This article, by Maggie Gallagher, a scholar at the Institute for American Values, is in response to an unsigned editorial in the New York Times called “The Divorce Debate.” Gallagher opposes the views of the editorial and tries to answer the question: “What, if anything, can we do about the fact that at least half of our marriages fail?”
I was very turned-off by this article. First, it starts off with what the author thinks should be a shared assumption; the assumption stated that divorce is harmful for children. Not everyone believes that. She goes on by asking, “What……can we do?” Gallagher continues with her article by putting down other states because of their divorce stipulations. She says that they are not working. Yes, she did back that statement up with information from Judith Wallerstein’s book, Second Chance, and statistics from the Journal of Marriage and Family, but they were buried between the many instances in which she shared the views of her opposition.
The way she recognized the reasoning behind the “speedy spouse disposal” or “delayed backlash” was a nice touch. Unfortunately, Gallagher was so involved with trying to show the other side of things, she forgot to give the reasoning behind her own ideas. Through the entire article, she used negative words or phrases to express her feelings on divorce; they include: harmful, delayed backlash, speedy spouse removal, eliminating, marital wrongdoing, dissolve a marriage, bitter conflict, unhappy marriages, bleak times, punishments, messy and irrelevant, and torment. However, she never once suggested a solution for the problem of divorce. How can one argue with the ideas of others, if that person has no argument of their own?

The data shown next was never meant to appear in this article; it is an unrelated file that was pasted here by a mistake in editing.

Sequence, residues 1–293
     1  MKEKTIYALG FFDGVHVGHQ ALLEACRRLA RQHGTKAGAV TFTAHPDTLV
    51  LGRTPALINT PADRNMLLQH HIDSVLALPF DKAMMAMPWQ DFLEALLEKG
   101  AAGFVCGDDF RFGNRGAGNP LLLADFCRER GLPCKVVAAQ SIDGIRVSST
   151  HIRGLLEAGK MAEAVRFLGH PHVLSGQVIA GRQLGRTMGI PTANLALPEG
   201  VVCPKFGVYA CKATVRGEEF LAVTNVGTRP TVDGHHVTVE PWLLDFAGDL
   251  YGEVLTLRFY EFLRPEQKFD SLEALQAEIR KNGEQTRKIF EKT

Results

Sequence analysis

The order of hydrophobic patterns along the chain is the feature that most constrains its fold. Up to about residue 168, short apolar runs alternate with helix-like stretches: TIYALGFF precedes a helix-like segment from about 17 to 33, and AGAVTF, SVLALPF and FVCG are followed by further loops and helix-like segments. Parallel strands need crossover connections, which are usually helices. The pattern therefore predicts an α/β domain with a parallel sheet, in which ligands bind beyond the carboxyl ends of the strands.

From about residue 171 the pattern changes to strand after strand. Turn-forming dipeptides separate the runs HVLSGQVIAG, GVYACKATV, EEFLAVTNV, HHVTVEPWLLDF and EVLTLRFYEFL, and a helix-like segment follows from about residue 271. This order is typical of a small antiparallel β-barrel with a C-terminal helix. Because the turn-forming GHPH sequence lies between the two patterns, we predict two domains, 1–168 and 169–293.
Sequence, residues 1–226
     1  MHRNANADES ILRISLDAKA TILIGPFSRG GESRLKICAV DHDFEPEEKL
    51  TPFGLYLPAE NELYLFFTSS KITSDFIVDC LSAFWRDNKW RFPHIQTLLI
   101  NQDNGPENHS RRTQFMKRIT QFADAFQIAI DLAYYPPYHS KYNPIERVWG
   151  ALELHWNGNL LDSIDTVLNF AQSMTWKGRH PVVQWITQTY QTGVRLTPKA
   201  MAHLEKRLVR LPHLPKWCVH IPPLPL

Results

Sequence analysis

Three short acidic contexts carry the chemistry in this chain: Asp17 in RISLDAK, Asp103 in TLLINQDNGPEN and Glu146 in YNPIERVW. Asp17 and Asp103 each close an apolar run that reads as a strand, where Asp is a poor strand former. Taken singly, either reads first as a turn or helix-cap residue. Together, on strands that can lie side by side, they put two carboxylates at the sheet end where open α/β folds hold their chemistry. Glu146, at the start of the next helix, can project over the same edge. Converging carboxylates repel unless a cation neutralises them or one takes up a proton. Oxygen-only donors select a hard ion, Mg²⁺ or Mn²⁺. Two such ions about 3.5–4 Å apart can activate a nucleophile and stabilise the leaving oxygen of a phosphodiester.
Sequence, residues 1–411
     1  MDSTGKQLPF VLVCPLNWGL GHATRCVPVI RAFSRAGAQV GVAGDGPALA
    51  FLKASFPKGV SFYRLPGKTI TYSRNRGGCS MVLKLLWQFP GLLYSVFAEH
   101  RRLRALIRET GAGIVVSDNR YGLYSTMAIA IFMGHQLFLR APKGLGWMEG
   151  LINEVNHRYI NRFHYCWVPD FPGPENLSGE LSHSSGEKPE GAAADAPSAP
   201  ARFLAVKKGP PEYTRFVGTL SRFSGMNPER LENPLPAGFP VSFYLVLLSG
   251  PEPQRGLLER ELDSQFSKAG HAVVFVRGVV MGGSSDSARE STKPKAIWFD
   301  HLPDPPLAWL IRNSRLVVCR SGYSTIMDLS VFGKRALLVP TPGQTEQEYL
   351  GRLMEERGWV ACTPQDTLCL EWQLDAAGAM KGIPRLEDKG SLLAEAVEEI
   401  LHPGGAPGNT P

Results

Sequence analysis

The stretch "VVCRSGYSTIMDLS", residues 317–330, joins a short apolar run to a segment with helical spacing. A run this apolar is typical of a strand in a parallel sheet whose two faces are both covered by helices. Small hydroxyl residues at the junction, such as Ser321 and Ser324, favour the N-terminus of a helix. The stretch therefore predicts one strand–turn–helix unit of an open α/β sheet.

After reading this article, I am pretty confident that the author has not personally been through a divorce of her own. This alone, could cause me to question her. I feel that a more personal article involving some of her own experiences would have been more convincing. I know that she was writing with a logical approach, but I believe an emotional one would have been better. Divorce is a topic that touches every person in so many different ways. If this article would have reached to the heart, it would have been more persuasive.
Though I am unhappy with the way the topic was approached, I am sure that the essay was not quickly written. Their was a lot of research involved in this article. Gallagher explained how different states came up with different solutions for divorce. She discussed the no-fault divorce and the waiting period before a divorce. Her statistic was a great bonus.
Divorce is certainly a great topic for debate as we head into the new millennium. There are many assumptions made about divorce, both shared and unshared. Some people believe that divorce is always a bad thing, no matter what the situation. Others
believe it’s a matter of what is best for the children (if there are any). Gallagher challenges the assumption that “no-fault will…….remake divorce into a kinder, gentler institution.
I believe that divorce is not necessarily the issue. The real question is, “How do we make marriages work?”